Car salespeople can have bad reputations. When you’re making such a large and important purchase, you want to have every assurance that the salesperson is giving you the information you need to make an informed decision. The salesperson though, doesn’t have buyers’ best interests at heart. He’s employed by the car company to sell cars and you, the buyer, have to negotiate against a person who negotiates all day long. The business model sucks but we can try to protect ourselves before we go car shopping.
Decide Before You Shop
Before you step foot in a car dealership, you’ll need to decide on a few things. There’s no sense in falling in love with a Ferrari when you can only afford a Chevrolet.
Although leases have a lower monthly cost than purchasing a vehicle outright, you could have an unpleasant surprise once the lease term is up. Leases are extended rentals with mileage allowances. Go over your mileage and you’ll have to pay for each extra kilometre. Small scratches and bumps you might otherwise never care about? The car company will charge you to fix each one of those when you return the leased vehicle.
When deciding your budget, don’t forget about the other costs associated with car ownership. Call your insurance company for quotes and look at fuel mileage to estimate monthly fuel costs. Research car loan interest rates to see how much your car debt will cost and look into rebates and incentives offered by the different car companies.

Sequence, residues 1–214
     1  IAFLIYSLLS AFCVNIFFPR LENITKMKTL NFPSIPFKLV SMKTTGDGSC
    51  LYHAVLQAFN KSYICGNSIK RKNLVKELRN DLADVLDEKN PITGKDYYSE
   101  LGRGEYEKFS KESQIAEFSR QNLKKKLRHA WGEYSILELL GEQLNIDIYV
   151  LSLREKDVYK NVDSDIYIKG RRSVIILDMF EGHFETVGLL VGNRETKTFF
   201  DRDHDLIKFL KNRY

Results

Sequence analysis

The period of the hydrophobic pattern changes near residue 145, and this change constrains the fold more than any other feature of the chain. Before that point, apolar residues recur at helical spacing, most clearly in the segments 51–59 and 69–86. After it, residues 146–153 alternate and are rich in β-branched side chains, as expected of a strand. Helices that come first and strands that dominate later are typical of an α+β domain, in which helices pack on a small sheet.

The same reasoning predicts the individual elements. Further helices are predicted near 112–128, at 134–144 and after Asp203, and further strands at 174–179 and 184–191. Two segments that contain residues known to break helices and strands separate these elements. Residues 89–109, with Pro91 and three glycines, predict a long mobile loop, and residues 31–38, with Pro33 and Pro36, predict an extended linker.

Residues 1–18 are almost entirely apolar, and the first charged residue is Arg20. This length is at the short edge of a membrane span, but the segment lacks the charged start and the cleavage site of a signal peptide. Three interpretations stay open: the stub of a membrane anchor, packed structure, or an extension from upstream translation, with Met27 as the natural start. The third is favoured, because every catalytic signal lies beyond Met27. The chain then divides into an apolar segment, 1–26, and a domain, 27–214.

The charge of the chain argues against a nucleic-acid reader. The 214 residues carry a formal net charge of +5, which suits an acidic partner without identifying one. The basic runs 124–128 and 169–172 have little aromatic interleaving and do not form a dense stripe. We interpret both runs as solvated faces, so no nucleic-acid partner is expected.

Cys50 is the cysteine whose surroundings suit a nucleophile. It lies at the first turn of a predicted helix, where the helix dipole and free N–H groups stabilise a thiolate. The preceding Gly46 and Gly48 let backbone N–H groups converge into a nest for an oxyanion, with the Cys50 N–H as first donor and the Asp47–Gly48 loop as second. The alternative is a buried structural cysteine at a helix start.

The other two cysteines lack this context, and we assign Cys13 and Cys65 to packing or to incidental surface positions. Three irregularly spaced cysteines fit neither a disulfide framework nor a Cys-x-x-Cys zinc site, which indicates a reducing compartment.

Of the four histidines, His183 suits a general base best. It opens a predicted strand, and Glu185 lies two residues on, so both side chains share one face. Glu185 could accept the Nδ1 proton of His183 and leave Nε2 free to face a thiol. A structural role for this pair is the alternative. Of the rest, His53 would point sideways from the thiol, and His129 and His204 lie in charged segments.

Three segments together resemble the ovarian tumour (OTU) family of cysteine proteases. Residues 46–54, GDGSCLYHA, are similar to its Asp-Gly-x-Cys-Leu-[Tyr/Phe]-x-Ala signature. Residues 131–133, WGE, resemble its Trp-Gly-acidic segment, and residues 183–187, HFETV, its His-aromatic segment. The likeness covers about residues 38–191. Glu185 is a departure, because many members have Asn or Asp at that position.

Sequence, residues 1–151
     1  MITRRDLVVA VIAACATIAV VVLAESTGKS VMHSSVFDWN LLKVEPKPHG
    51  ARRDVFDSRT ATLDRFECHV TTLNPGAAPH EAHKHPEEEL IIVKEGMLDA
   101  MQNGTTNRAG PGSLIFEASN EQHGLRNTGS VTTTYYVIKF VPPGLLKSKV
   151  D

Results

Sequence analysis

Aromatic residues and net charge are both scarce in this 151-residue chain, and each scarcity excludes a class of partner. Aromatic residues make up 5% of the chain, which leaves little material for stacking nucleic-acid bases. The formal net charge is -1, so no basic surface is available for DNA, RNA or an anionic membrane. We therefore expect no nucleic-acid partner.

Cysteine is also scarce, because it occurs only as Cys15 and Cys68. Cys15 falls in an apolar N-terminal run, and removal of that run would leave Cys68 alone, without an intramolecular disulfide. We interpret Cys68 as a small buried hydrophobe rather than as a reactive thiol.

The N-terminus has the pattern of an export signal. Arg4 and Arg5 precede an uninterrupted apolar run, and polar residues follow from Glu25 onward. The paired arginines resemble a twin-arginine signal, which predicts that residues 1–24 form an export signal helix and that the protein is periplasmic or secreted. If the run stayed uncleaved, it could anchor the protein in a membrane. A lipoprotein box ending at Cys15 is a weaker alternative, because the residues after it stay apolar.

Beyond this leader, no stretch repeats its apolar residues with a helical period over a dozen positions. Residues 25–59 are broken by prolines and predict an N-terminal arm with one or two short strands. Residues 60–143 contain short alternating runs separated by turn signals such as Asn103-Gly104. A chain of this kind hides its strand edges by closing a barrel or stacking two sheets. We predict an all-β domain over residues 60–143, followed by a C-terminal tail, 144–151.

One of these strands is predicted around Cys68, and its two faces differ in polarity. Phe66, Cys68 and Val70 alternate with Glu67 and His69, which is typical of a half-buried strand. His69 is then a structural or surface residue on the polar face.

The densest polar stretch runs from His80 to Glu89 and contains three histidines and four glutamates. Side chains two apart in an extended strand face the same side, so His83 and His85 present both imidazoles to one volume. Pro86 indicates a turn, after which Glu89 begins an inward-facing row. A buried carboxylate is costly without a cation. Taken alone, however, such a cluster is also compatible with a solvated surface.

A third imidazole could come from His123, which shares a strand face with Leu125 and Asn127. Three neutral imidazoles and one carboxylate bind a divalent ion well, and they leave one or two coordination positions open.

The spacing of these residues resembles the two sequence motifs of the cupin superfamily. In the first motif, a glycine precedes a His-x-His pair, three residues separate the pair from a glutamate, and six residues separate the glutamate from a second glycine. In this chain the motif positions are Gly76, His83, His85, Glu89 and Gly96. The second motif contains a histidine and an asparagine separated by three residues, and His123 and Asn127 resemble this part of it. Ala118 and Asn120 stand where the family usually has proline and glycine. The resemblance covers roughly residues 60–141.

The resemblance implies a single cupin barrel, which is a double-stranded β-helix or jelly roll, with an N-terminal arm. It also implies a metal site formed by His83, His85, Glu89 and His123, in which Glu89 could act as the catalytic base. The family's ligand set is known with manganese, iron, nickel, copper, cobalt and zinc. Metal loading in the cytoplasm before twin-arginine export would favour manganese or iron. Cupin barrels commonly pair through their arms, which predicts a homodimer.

Before You Buy
Today, car companies will offer long loans to help people afford more expensive cars. That might not be the right option for you depending on how comfortable or uncomfortable you are with debt. Once you’ve figured out how much you can afford in monthly payments and figured out for how long you’re comfortable being in debt, you can calculate backwards to find out how much car you can afford.
With that total cost in mind, go shopping! Look at each of the dealerships online to see what they have for sale. Choose a couple that you like and can afford and then research them until your fingers fall off. Read online reviews, talk to owners of those vehicles, call dealerships – do everything you can to get as much information as possible about the vehicle before you visit a dealership.
At the Dealership
When you’re satisfied with your research and feel ready, visit a dealership for a test drive. Although you might think you know what car you want, you can’t know for sure until you sit in the driver’s seat. Once you’ve got the keys, take that new car for the ride of its life. Test every bell and whistle, drive the car for as long as you’re able and drive to places you would ordinarily go.
City drivers will want to test out parallel parking to get a sense of the size of the car, while suburban folk might try to convince the salesperson to let you drive it home to see how it looks in your garage.
Don’t shy away from older cars – although brand new, last year’s models can sometimes be sold at a substantial discount to the current year’s models. Cars don’t change enough from year to year to make a big difference on anything other than being able to tell people you’ve got a current year car.
Finally, when it comes time to negotiate, use your hard-earned research to your advantage and never pay the list price! Tell your salesperson what your research has shown in terms of sales data and what the competing dealerships offer. Fudge a little with your budget and tell him you can’t afford his price. If he is unwilling or unable to offer you a good price, be prepared to walk away.
Beyond all else, have fun! Shopping for a new car is time-consuming and buying a new car is expensive. The upside though is that you get to test drive a bunch of different cars, find something that’s perfect for you and enjoy that new car smell for months!
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